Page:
The reason the experience and knowledge industries come to San Francisco is because it has a rich infrastructure of cultural production and of small backstreets businesses that are the actual productive backbone that support other virtual economies. The small, neighborhood-based creative and cultural organizations, many of them in the southeast sectors of San Francisco, are at the root of what gives the city its global appeal. Small backstreets light-industrial businesses are not only indispensable for the finance, IT, biotech and other industries, they are also the businesses that are still employing San Francisco’s blue-collar workforce, providing critical jobs for working-class, immigrant, and people of color communities in San Francisco’s south-east districts. Nonetheless, these are often seen as marginal activities, vulnerable to economic whims of investors, banks, and rising real estate costs. These enterprises are small, extremely varied, and many rooted in very specific cultures, neighborhoods, and local histories. They mostly lie dispersed throughout the city’s southeast neighborhoods and a few other commercial corridors..

The new economic development agency must develop programs and support new and existing neighborhood small business networks to meet the needs of key communities and constituencies. The starting point for our discussions on economic development for San Francisco are based on economic development models that:

  1. Have maximum local multipliers,
  2. Support San Francisco’s existing workforce, and have the potential to provide living wage jobs at all educational levels
  3. Support and strengthen the existing networks of locally-owned small light-industrial and hybrid businesses and creative organizations, neighborhood-serving businesses, as well as emerging “green jobs” sectors,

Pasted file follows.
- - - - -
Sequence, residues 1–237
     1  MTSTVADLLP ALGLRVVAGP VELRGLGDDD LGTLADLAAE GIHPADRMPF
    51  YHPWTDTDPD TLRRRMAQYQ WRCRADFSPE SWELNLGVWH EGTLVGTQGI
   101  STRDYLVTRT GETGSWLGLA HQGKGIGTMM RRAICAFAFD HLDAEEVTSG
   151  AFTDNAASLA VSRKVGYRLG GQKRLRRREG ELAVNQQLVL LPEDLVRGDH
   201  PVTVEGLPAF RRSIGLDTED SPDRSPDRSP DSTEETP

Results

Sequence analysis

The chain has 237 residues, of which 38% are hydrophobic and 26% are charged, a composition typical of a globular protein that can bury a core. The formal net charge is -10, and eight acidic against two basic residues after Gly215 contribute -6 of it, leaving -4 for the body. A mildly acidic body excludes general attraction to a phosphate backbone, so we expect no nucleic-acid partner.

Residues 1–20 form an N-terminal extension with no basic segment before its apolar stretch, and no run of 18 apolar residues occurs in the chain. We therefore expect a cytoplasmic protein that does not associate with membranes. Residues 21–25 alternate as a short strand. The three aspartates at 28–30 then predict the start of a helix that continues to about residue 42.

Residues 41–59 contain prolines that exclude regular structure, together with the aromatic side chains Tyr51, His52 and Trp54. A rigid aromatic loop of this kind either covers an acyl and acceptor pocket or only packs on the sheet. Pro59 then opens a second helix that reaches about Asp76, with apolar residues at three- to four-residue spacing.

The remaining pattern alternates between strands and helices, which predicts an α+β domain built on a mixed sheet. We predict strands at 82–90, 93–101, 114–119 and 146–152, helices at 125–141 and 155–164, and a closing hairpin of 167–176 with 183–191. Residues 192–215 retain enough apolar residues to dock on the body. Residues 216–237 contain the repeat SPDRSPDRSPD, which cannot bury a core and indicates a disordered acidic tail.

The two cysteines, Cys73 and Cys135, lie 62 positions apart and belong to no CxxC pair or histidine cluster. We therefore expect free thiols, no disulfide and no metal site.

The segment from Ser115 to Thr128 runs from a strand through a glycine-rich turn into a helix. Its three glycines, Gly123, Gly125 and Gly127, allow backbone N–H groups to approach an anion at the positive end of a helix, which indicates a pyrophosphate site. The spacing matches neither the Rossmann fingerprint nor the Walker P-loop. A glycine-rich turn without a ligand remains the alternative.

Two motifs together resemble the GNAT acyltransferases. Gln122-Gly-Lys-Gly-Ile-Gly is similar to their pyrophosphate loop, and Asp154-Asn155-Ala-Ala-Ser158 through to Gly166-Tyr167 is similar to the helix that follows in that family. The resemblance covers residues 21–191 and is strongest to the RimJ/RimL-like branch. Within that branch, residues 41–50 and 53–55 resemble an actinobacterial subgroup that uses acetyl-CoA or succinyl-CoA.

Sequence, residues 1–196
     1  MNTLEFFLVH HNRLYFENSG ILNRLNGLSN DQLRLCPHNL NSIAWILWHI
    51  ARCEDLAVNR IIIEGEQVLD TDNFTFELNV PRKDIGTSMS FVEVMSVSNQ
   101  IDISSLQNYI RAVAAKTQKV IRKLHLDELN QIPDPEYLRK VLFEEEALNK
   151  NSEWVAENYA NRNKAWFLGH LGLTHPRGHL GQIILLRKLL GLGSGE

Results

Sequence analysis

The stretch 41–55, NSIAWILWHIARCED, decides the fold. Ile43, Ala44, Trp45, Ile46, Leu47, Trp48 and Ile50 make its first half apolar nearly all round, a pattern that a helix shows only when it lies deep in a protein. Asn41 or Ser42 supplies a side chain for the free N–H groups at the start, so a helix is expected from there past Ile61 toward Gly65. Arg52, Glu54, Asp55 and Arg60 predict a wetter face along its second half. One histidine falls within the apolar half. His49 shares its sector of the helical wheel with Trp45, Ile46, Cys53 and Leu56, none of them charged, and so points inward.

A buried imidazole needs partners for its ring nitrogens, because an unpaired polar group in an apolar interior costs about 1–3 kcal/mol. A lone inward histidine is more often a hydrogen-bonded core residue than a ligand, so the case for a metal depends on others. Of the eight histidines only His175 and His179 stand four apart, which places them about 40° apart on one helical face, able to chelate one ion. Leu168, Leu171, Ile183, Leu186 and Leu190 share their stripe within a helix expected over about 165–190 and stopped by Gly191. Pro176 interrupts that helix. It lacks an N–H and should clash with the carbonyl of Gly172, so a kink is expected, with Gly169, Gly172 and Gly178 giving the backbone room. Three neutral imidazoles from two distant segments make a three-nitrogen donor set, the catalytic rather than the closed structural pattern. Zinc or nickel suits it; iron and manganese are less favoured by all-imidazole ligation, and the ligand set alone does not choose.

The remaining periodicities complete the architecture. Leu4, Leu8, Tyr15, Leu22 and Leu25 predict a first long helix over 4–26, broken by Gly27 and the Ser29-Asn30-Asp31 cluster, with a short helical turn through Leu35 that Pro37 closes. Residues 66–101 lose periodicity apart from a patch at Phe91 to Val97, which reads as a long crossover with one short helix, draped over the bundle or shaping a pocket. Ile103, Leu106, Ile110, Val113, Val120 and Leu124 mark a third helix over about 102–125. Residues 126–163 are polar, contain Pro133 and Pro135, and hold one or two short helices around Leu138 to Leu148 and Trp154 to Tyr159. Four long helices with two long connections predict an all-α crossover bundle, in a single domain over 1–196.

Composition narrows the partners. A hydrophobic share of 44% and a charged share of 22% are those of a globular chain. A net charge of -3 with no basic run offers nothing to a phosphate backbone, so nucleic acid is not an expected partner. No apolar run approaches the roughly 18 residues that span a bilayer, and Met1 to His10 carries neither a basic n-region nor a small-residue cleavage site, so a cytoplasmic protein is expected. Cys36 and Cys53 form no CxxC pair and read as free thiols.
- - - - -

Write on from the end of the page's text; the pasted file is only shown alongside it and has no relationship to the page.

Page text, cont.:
4. Have a strong grounding in cultural equity, and
  5. Connect workforce development and education to these businesses and networks, and
  6. That support alternative community- and worker-ownership models, including those that might employ recent immigrants.

We’ve outlined these approaches into four issue areas:

Prioritize locally-owned small businesses. In addition to neighborhood-serving retail, the small, locally-owned “Back Streets businesses,” small to medium light industries, are the backbone of San Francisco’s economy, and the real infrastructure for the “knowledge” and “experience” sectors (i.e., the externally-focused economic sectors that City agencies currently gravitate toward), and the reason those sectors locate in SF. These businesses provide sustainable (i.e., not bound to boom-bust cycles) city revenue and great numbers of working-class employment and entrepreneur opportunities. Development of these back streets sectors will be key to the peak oil economy, emphasizing local production, green manufacturing, recycling, and cultural production. Economic development investments should strengthen the existing local networks of small businesses and arts/cultural/creative industries, and support the recirculation of money within the local economy. Efforts should be made to support (through zoning, preferences in city contracts, etc.) business that are owned locally and keep profits within the city. One critical need is access to credit, and the municipal credit union is key to promoting industries, providing, for example, a first-time business-owner program similar to the first-time homebuyer programs, and linking access to municipal credit with economic development standards (wage standards, hiring, ownership, etc.).